Long falls your exit all repeatingly,
a poor exemplum, one more suicide
to stack upon the others
still stricken Henry with his sisters & brothers
suddenly gone pauses to wonder why he
alone breasts the wronging tide.
This poem finds Henry lamenting the recent suicides of poet-colleagues, particularly Sylvia Plath, who ended her life in 1963. The poet feels her death “all repeatingly,” a turn of phrase that’s both elegaic and childlike. Note how the lines “one more suicide / to stack upon the others” are enjambed in such a way as to literally stack themselves on top of Henry as he struggles to apprehend each loss. The line break that transitions “Henry with his sisters & brothers” to “suddenly gone” is another unmistakable reminder of how death cleaves friends from one another.
The pathos of this stanza is reminiscent of Canto XXX of il Purgatorio, when Dante calls after the recently-disappeared Virgil: “Ma Virgilio n’avea lasciati scemi / di sè, Virgilio dolcissimo patre, / Virgilio a cui per mia salute die’mi.” Just as Dante’s triple-invocation of Virgil serves to underscore the finality of his absence, the image of “Henry with his sisters & brothers” hovers at the end of the line, both highlighting and defying death’s “sudden” cancellation. The special six-line stanza Berryman whittles and shapes throughout The Dream Songs allows for a tremendous amount of feeling to be transmitted. We do feel the “wronging tide,” and we feel it “all repeatingly,” since the suffix –ing rings like a bell, throbs like a wound.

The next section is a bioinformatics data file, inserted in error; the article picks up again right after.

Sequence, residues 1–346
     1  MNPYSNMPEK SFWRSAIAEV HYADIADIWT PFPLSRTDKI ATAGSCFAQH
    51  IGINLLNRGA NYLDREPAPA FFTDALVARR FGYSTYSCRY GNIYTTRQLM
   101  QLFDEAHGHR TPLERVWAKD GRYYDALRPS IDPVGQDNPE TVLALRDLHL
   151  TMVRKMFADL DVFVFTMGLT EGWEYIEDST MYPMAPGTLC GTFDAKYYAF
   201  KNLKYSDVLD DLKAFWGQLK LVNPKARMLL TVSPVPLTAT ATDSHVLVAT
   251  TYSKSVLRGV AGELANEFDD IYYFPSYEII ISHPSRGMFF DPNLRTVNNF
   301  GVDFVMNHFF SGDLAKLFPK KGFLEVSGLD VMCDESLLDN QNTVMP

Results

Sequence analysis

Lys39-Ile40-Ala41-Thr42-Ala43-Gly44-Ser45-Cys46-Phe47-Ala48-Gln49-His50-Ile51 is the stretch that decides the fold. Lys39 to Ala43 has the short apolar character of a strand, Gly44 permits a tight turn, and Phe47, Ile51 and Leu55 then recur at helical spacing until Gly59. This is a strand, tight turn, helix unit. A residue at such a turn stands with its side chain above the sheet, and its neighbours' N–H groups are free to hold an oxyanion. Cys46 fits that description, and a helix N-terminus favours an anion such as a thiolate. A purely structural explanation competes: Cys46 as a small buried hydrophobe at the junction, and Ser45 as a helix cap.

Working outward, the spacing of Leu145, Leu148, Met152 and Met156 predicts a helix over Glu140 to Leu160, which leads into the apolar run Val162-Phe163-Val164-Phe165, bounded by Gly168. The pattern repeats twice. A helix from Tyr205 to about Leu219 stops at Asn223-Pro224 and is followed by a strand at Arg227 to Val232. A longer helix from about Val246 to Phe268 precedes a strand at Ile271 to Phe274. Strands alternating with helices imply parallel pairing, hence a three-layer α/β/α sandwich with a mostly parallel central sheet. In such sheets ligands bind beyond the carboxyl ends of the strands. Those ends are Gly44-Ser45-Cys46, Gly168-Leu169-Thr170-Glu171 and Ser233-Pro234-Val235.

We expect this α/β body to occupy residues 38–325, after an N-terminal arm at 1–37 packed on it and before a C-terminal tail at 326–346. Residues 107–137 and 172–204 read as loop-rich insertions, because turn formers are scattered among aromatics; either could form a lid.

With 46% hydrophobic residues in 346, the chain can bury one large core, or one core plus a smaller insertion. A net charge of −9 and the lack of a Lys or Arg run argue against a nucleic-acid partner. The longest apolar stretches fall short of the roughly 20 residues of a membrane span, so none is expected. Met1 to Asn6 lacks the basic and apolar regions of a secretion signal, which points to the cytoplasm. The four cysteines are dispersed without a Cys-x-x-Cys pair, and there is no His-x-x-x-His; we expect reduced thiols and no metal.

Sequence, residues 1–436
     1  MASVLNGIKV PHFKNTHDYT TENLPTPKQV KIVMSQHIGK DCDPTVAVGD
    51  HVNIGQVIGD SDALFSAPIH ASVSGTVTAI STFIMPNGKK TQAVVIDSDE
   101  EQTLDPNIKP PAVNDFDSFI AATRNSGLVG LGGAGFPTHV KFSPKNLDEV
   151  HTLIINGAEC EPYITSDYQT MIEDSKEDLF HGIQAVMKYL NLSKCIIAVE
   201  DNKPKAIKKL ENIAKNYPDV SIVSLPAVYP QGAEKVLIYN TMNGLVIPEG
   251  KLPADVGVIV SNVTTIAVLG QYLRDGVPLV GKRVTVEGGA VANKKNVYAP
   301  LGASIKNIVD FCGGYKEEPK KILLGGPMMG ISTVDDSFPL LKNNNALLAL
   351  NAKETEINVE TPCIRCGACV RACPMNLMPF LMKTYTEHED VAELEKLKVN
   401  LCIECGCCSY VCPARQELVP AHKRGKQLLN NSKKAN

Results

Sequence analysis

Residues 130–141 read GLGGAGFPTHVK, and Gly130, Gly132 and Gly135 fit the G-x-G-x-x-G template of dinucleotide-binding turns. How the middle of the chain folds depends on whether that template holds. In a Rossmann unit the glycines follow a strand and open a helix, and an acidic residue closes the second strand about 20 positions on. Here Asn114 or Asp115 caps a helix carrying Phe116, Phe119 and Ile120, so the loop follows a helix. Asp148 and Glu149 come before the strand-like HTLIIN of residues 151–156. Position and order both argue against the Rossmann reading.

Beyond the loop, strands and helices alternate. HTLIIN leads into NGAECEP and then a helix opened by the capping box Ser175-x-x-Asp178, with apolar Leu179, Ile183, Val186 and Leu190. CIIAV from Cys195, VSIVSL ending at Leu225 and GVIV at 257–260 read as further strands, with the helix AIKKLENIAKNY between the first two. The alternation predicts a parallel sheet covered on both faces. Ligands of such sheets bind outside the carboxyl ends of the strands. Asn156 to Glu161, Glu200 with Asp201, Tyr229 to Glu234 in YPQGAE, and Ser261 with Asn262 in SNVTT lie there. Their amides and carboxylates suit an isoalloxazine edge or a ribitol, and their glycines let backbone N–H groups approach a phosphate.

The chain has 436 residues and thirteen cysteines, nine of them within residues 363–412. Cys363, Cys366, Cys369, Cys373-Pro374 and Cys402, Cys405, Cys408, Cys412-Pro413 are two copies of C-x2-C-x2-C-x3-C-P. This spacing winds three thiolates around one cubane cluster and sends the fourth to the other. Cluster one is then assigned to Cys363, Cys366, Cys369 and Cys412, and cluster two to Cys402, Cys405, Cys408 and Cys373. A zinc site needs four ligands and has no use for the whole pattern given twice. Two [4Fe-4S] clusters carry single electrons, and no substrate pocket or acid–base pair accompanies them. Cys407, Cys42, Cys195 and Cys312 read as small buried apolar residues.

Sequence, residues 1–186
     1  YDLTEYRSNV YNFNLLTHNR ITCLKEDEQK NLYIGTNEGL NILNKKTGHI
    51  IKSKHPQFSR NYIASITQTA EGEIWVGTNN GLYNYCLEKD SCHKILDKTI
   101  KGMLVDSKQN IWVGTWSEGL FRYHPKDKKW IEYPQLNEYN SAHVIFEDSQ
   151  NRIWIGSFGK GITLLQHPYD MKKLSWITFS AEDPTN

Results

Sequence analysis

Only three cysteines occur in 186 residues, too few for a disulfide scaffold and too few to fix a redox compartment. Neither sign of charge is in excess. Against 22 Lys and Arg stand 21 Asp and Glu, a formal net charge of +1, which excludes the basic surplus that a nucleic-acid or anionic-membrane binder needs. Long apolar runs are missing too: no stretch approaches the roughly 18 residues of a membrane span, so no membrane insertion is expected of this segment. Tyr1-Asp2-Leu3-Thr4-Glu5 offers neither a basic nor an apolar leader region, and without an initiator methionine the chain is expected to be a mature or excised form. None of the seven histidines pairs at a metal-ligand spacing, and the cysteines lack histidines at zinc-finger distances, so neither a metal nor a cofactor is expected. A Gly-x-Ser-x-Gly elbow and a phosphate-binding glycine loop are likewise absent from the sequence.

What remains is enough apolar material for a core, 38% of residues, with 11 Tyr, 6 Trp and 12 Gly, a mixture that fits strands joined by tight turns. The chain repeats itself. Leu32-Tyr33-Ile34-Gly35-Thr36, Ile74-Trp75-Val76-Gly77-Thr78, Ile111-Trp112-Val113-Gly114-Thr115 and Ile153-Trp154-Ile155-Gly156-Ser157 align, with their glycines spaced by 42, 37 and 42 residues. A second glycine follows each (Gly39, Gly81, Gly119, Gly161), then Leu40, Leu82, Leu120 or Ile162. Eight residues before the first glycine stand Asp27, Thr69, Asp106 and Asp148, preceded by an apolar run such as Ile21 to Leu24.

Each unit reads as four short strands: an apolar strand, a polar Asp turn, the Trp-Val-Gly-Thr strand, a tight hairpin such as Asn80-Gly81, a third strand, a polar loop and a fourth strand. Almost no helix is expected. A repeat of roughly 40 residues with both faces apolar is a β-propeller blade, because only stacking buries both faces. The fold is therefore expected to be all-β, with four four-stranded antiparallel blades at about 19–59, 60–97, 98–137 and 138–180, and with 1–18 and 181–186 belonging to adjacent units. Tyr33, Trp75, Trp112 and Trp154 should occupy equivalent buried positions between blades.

And it’s the wound at the center of The Dream Songs that keeps us riveted. The “plot” of the poem matters less than the evolving state of Henry. He burns with lust, rages against death, weeps for lost friends, taunts his critics, and tries in his frantic, yet endearing, way to express love for this fallen world. And if the reader stumbles or gets bored, frightened, or angry along the way, it’s all part of the journey through this long diary of a dream. As Henry tells us in Song 366:
These Songs are not meant to be understood, you understand.
They are only meant to terrify & comfort.
Kiki Petrosino is the author of Fort Red Border (Sarabande, 2009). She holds graduate degrees from the University of Chicago and the Iowa Writers' Workshop. Her poems have appeared in FENCE, Gulf Coast, Harvard Review, and elsewhere. She lives and teaches in Louisville. (Photo credit: Philip Miller)
Poetry Finalists that Year:
- Gwendolyn Brooks for In the Mecca
- Galway Kinnell for Body Rags
- John Thompson for The Talking Girl
- Keith Waldrop for A Windmill Near Calvary
Poetry Judges that Year: William Alfred, John Frederick Nims, Richard Wilbur
The Year in Literature: Of Being Numerous by George Oppen won the Pulitzer Prize for poetry.
- John Berryman (1914-1972) was born in McAlester, OK.
- When Berryman was twelve years old, his father shot himself outside of his son’s bedroom window. This shocking death was a recurring theme in much of Berryman’s poetry.
- Read National Book Award Winner William Meredith’s elegy for Berryman here:
- John Berryman's 1969 National Book Award Acceptance Speech for His Toy, His Dream, His Rest
- Berryman's profile at Poetry.org
- John Berryman, The Art of Poetry No. 16
Interviewed by Peter A. Stitt, The Paris Review, Winter 1972, No. 53
- VIDEO: Berryman: There Sat Down, Once, a Thing on Henry's Heart.